Physical activity, a core intervention in cardiac rehabilitation, can reduce vascular erectile dysfunction (ED). ED is a common sensitive problem for men with cardiac diseases, decreasing their quality of life. Cardiac health professionals rarely provide information about ED or its relation to physical activity. Developing health professionals' communicative component of the complex intervention 'Physical Activity to reduce Vascular Erectile Dysfunction' (PAVED) is important. Understanding the receiver needs is essential in designing a complex intervention.
To elucidate men's perspectives on cardiac health professionals' communication about PAVED.
An Institutional Data Protection Agency approved the study.
An interpretive data-driven thematic analysis was applied to individual, qualitative semi-structured interviews with 20 Danish men attending cardiac rehabilitation.
The men wanted health professionals' communicating about ED, as it was perceived as a major problem diminishing masculinity and tabooed by health professionals. Men wanted help for self-help, which may be possible with the aid of competent health professionals' communication about how to prevent, reduce and cope with ED - including information about PAVED. The men wanted health professionals' communication about ED in various contexts: general information in groups, sexual counselling for individuals and couples and written material.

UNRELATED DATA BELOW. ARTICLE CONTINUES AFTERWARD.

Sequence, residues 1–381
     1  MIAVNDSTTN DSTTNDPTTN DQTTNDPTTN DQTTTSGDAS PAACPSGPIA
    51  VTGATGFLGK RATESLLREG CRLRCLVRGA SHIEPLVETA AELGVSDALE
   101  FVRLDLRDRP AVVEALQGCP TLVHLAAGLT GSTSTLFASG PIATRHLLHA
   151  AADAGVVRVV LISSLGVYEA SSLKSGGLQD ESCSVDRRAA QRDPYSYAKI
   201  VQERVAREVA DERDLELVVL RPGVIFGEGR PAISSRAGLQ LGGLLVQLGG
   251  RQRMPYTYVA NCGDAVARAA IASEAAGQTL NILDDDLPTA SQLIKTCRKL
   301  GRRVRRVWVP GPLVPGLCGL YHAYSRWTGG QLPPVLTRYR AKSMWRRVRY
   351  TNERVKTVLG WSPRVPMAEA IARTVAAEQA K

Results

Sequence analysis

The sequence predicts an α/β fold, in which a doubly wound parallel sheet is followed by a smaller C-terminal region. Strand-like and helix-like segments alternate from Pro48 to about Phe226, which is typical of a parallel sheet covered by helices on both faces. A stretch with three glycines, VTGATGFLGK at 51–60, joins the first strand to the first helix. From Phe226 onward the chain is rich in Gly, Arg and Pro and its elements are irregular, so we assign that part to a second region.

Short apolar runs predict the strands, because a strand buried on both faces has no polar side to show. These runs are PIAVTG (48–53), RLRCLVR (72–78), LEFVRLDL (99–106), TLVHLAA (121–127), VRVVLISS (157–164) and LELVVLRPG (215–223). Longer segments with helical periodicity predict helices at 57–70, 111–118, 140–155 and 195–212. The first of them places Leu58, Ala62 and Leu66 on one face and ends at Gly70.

Recruitment was done from a Danish municipality's cardiac rehabilitation, and the transferability of the results may be limited to similar contexts.
Erectile dysfunction was experienced as a major biopsychosocial problem for the men and their partners. The men had a need for health professionals' communication about sexuality, ED and information about PAVED as well as about prevention, reduction and management of ED. The men had a need for professional communication about sexual health.
Scandinavian journal of caring sciences. 2021 Jul 21 [Epub ahead of print]
Helle Gerbild, Kristina Areskoug Josefsson, Camilla Marie Larsen, Birgitte Schantz Laursen
Health Sciences Research Centre, UCL University College, Odense, Denmark., Department for Behavioural Sciences, Oslo Metropolitan University, Oslo, Norway., Center for Sexology Research, Department of Clinical Medicine, Aalborg University, Aalborg, Denmark.